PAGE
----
Space

Japanese astronauts could be first on Moon in decades

Japanese astronauts could be f...
Japan's space agency has expressed interest in sending astronauts to the Moon by 2030 (NASA astronaut Edgar Mitchell pictured) 
Japan's space agency has expressed interest in sending astronauts to the Moon by 2030 (NASA astronaut Edgar Mitchell pictured) 
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Japan's space agency has expressed interest in sending astronauts to the Moon by 2030 (NASA astronaut Edgar Mitchell pictured) 
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Japan's space agency has expressed interest in sending astronauts to the Moon by 2030 (NASA astronaut Edgar Mitchell pictured) 

Japan could send astronauts to the Moon by about 2030, according to the Japanese Aerospace Exploration Agency (JAXA). To do so, the agency plans to chip in towards a Moon mission led by NASA, which is being using as a testbed for an eventual manned trip to Mars.

Getting humans to Mars is a massive undertaking, so NASA plans to test the required technology with missions much closer to home first. In 2019, an unmanned Orion capsule is due to do a lap of the Moon and return to Earth, in advance of a human crew making the trip from 2021. After that, NASA is planning to build a lunar space station called the Deep Space Gateway, designed to act as a hub to extend the reach of humanity further into space, including a manned mission to Mars.

By contributing towards this project, JAXA hopes to earn a place at the station, acting as a springboard for an eventual mission to send an astronaut to the lunar surface. Japanese national broadcaster NHK reported that JAXA expressed interest in the idea at an education ministry meeting on June 28.

Currently, Europe, China and Russia are planning manned Moon missions in the early 2030s, but if JAXA's plans get off the ground, Japanese astronauts could be the first to walk on the lunar surface in decades.

While the Japanese plans are still fairly unofficial at this stage, NHK believes that a more official proposal will be submitted next year.

Source: JAXA via NHK

9 comments
Bob
We haven't been back to the moon since scientists and engineers quit using slide rules. Think about it.
Buellrider
I would say the Japanese will be the first to people to land on the moon. Seems to me if the U.S. had actually landed on the moon then we'd have been back. Nope. All filming done on a sound stage. If the Japanese do go to the moon they should land exactly where the U.S. claimed to have landed and give us photo graphic evidence, photos of the flag and foot prints and the like. Don't think for a second that landing on the moon is some easy feat, especially back in 1969.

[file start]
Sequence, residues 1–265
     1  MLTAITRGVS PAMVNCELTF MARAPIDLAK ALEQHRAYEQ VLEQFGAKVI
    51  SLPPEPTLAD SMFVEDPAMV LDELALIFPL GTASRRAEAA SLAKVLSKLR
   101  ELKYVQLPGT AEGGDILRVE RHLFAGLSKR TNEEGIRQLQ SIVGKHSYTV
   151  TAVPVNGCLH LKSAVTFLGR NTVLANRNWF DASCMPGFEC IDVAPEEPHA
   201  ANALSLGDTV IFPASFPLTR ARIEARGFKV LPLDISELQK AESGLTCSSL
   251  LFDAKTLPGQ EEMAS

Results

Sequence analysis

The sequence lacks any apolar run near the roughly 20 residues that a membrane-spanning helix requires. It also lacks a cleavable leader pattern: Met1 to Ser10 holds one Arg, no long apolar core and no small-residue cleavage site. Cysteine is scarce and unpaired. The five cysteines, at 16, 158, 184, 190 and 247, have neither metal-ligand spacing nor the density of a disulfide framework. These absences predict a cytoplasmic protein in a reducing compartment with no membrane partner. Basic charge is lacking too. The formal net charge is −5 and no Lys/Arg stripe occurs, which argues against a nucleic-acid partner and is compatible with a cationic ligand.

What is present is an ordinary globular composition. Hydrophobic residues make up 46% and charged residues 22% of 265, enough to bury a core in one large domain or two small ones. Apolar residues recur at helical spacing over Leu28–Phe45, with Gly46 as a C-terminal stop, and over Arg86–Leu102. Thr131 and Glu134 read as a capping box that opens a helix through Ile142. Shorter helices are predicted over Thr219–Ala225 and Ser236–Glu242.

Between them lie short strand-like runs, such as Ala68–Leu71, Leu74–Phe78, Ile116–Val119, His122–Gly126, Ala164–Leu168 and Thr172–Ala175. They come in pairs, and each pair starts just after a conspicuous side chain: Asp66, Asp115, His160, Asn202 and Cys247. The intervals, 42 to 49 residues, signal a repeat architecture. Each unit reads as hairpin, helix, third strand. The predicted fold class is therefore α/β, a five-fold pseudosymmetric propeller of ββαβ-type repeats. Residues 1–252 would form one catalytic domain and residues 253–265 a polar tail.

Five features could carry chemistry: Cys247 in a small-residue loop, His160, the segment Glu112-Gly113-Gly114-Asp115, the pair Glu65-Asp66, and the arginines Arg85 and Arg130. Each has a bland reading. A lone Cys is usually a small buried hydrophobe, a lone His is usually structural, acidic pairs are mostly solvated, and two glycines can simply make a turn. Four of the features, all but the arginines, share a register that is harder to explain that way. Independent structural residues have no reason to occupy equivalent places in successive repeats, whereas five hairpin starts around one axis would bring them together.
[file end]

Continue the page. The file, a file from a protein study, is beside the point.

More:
gbsderm
Not that this will help Buellrider's irrational claims but: https://www.nasa.gov/mission_pages/LRO/multimedia/lroimages/apollosites.html
Douglas Bennett Rogers
There are a bunch of positions that are patently silly. This is one of them. If you dig deep, you will see that they are all tied to the flow of money. The Apollo Program was designed to put a man on the Moon as quickly as possible. For this purpose it was a resounding success. Having beaten the Soviets to the Moon, we were essentially done with the program. Therein lies the impetus for the deniers.
akarp
lol @ Buellrider.
CharlieSeattle
Good Luck!
Kristianna Thomas
Yes we landed on the moon, collected some rocks to add to our collection of rocks; and have not been back there since. Japan and other countries want to make a permanent base on the Moon [Luna]. They want to make it as a means of testing new technologies that would take us to Mars, but is Luna the best place to test out the technologies that would take us out of the cradle of civilization. We have sent robots to Mars, but we have yet to send a human beyond the gravitational pull of Earth (a falling object towards the greatest pull of gravity). As humans we need to physically move around, unless we are in a deep sleep and don't have to move about. How do we know how the body would respond beyond Microgravity? How much radiation is there between Earth and Mars; what about Earth and the outer planets? Will we ever bring gravity with us as a means of being able to stand up right, and not float around like fish in water.
EZ
It seems to me the Japanese gov. should spend their money right here at home cleaning up their ecological disaster that continues to pollute the Pacific. It's probably already killing aquatic life in the ocean, not to mention wreaking havoc on the food chain.
Tom Lee Mullins
I think it is cool that other countries are not only going into space but also to the moon. One country could support another in space in case something happens. It is ships coming to another ships help when something goes wrong. I think Japan can do this since they are so advanced in so many areas.